Sunday, 29 August 2021 20:08

By Lehlohonolo Lehana.

@123rf.com.

The National Institute for Communicable Diseases (NICD),reports 7,740 new COVID-19 cases that have been identified in South Africa, which brings the total number of laboratory-confirmed cases to 2,764,931. This increase represents a 17.0% positivity rate.

The majority of new cases today are from KwaZulu-Natal (29%), followed by Western Cape (22%). Eastern Cape accounted for 15%; Gauteng Province accounted for 8%; Northern Cape accounted for 7%; Free State and Mpumalanga accounted for 6% each; North West accounted for 4%; and Limpopo Province accounted for 2% of today’s new cases.

NICD said a further 134 COVID-19 related deaths have been reported, bringing total fatalities to 81,595 to date.

Meanwhile researchers in South Africa have identified a potential SARS-CoV-2 variant of interest. The variant was detected through genomic surveillance of the virus during the country’s third wave of infections.

The preliminary analysis is available on medRxiv while it undergoes peer review.

According to the paper, the variant has been assigned to the PANGO lineage C.1.2, which evolved from C.1, one of the lineages that dominated SA's first wave of infections and was last detected in January 2021.  

"C.1.2 has since been detected across the majority of the provinces in South Africa and in seven other countries spanning Africa, Europe, Asia and Oceania," the authors wrote.

The scientists will continue to monitor the spread of the variant, and are currently assessing whether it has increased transmissibility and may escape protection following vaccination through in vitro (laboratory) studies.

What is a variant of interest?

Emerging variants of the virus are classified as variants of interest (VOI) or variants of concern (VOC) by the World Health Organization (WHO).

According to the WHO, a VOI has undergone genetic changes that may allow it to be transmitted more easily; cause more severe illness; or reduce the effectiveness of vaccines or treatments, among other factors.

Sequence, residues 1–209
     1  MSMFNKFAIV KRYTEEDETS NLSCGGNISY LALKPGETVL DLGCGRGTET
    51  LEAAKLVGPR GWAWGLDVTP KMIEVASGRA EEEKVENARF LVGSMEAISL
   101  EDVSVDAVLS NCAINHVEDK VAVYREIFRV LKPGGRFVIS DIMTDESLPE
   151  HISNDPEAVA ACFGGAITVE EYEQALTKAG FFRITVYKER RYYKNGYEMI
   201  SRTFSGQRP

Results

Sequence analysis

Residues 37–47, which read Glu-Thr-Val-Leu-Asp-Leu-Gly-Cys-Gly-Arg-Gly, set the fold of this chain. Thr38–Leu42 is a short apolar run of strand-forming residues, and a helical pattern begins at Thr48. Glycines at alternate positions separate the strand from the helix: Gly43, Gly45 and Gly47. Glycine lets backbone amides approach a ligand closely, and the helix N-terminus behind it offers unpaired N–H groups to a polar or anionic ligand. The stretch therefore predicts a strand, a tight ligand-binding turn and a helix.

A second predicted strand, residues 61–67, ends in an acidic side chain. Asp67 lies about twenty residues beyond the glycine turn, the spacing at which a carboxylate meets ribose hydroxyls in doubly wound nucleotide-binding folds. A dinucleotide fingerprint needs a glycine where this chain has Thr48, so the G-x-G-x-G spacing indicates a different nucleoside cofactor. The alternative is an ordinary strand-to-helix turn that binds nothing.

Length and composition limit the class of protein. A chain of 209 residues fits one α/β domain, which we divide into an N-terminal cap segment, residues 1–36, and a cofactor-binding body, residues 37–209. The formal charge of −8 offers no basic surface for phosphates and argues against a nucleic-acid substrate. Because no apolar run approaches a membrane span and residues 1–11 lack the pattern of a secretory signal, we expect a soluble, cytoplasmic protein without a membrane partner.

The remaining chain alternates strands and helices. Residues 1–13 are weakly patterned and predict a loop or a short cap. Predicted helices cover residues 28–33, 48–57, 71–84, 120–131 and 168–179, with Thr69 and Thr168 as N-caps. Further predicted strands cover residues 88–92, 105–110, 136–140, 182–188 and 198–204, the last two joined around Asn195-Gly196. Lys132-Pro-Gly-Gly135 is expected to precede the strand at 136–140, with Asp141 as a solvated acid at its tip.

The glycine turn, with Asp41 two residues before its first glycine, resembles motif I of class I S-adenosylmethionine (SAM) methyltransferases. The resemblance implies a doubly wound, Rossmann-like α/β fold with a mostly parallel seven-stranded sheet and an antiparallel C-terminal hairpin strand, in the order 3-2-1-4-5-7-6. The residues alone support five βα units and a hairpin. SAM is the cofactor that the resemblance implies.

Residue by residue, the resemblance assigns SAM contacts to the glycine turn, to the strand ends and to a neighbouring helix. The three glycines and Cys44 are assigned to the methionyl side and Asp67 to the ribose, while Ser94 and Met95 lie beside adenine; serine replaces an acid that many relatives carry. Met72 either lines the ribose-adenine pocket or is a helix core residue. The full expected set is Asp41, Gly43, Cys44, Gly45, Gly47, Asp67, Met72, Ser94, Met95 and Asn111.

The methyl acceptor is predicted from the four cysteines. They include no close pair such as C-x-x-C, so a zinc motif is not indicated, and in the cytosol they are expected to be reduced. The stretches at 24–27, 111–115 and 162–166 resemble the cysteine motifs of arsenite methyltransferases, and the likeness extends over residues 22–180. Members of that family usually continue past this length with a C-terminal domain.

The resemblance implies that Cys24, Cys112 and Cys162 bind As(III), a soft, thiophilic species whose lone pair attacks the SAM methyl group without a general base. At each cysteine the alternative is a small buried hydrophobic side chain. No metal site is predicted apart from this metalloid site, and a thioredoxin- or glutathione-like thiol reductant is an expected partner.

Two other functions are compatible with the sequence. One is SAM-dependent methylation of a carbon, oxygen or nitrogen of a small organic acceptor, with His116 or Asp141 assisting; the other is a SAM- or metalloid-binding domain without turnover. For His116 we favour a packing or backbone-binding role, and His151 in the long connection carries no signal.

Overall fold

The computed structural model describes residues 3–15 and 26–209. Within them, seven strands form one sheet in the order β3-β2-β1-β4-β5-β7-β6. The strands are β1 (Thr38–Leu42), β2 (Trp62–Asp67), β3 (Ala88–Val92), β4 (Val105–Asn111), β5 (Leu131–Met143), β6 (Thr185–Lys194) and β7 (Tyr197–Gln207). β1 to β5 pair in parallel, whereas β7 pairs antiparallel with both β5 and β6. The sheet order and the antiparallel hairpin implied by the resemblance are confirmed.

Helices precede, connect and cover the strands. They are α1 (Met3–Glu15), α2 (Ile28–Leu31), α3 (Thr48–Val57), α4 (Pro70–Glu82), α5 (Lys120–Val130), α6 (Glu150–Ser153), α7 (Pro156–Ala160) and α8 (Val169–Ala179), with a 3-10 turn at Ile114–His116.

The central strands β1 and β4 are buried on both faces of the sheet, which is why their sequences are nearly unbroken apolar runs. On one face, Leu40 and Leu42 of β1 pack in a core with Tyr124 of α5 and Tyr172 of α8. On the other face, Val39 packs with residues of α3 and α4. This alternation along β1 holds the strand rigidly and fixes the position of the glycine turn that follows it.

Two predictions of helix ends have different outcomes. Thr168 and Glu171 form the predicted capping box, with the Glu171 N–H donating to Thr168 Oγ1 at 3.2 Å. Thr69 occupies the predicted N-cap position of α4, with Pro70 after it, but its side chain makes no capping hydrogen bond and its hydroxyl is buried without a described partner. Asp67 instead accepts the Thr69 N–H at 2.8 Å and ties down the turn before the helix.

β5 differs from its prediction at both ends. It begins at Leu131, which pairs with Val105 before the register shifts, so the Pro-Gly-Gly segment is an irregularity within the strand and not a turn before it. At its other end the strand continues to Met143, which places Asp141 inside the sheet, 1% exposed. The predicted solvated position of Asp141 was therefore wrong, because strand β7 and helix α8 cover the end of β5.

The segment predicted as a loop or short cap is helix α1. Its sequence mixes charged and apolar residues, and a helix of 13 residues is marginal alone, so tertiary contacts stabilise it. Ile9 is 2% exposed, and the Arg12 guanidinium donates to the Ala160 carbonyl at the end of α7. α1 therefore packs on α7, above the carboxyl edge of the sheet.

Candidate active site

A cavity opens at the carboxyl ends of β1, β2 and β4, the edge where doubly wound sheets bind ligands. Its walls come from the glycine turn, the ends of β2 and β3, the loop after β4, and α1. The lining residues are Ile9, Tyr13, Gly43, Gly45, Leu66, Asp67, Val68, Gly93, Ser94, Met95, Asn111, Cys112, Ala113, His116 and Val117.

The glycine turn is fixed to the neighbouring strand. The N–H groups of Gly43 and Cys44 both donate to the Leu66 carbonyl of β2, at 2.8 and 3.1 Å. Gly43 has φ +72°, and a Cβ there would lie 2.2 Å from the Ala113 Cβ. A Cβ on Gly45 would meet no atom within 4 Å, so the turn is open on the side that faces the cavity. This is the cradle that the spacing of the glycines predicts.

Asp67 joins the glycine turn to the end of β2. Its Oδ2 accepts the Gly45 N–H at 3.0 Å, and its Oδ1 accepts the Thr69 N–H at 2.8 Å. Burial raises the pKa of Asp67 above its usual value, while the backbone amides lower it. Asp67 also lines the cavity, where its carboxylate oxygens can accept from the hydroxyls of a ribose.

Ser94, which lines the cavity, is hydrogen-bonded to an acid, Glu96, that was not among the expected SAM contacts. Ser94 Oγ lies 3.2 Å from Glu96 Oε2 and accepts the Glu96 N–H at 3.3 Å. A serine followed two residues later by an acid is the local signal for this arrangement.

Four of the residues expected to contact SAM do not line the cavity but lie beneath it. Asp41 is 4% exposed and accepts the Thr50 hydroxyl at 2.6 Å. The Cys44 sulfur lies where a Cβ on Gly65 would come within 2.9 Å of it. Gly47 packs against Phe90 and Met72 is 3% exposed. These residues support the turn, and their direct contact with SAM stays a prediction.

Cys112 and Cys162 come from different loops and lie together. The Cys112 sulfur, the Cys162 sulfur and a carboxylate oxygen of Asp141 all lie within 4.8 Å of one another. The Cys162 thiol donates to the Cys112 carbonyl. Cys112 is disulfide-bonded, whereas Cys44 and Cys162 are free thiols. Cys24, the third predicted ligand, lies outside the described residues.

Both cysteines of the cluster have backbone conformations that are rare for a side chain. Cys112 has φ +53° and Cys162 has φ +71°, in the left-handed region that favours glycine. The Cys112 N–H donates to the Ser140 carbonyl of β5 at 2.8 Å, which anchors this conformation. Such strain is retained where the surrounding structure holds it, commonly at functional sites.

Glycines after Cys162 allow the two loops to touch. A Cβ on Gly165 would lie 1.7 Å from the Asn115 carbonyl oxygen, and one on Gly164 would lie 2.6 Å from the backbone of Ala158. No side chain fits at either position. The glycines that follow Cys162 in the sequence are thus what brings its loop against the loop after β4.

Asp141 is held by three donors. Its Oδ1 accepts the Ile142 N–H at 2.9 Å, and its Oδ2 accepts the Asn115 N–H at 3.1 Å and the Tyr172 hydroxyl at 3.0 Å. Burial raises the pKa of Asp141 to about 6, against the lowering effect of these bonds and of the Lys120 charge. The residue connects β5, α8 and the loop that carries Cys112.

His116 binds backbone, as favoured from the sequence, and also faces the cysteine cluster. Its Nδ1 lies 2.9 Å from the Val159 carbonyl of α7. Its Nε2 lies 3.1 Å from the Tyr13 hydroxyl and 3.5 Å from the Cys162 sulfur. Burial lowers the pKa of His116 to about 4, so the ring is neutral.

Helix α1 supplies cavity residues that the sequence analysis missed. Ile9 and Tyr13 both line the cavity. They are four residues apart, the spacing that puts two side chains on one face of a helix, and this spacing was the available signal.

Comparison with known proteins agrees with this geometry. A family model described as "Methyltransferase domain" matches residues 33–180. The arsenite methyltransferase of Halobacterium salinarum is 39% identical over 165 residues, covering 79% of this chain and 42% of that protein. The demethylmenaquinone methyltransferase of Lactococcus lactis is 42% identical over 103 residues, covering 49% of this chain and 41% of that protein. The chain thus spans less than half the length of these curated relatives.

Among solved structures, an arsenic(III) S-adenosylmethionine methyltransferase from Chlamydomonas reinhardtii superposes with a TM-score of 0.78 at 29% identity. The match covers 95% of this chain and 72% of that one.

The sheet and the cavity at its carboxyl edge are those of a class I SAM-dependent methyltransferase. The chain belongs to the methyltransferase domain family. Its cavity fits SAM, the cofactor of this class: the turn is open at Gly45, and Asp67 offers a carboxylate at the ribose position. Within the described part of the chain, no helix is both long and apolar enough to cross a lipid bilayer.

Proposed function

The variant is elevated from a VOI to a VOC when there is increased evidence of it fulfilling at least one of the above criteria.

Current VOI and VOC

Currently, the Alpha, Beta, Gamma, and Delta variants are classified as VOCs.

Eta, Iota, Kappa, and Lambda have been grouped under VOI.

The Delta variant, which was first identified in India in December 2020, quickly spread to more than 100 other countries and started to dominate Covid infections, including in South Africa.

How it became C.1.2

Globally, C1 had a minimum transmission rate. 

However, it was later detected in Mozambique and at this point, had additional mutations (changes to the virus’s genetic code). It was then assigned to PANGO lineage C.1.1.

Continued genomic surveillance had led to the identification of more, new sequences in South Africa. These sequences were distinct from C.1.1, which is why the researchers assigned them to the PANGO lineage C.1.2 on 22 July 2021.

Genomic surveillance

The SARS-CoV-2 virus is closely monitored through South Africa’s network of genomic surveillance. The process of genomic sequencing allows scientists to monitor how the virus changes over time into new variants. 

The recent analysis is the "work of dozens of scientists as part of the Network of Genomic Surveillance in South Africa (NGS-SA)", co-author, Professor Tulio de Oliveira and director of KRISP (Kwazulu-Natal Research Innovation and Sequencing Platform), said in a tweet.

About C.1.2 

According to their paper, C.1.2 is highly mutated compared to C.1, as well as the other VOC and VOI identified to date. 

The newly emerged sequences they studied contained multiple changes within the virus's spike protein (how the virus enters human cells). 

These changes have also been seen in other VOC, including Beta which dominated SA’s second wave, and are known for having increased infectivity through its ability to replicate. In other words, it promotes the transmission of the virus in people.

Of greater concern, however, is that C.1.2 has accumulated additional mutations, which are also likely to impact how well neutralising antibodies, a critical part of the body’s immune response to a virus, respond to the variant. This antibody is triggered by natural infection or vaccination.

What happens now?

Genomic surveillance is ongoing so that scientists can determine whether the combination of mutations in C.1.2 makes it more transmissible than other variants.

Because there has been a steady increase in the number of C.1.2 genomes in South Africa, the researchers will further investigate the impact of the effectiveness of the Covid vaccines against this variant in the lab.

"The reason why we decided to publish the preprint is that we see the C.1.2 persistence in South Africa and it is now in another 10 countries. It is early days as only 95 genomes have been published at GISAID. However, we found that in this pandemic is share info quicker than later (sic)," said de Oliveira.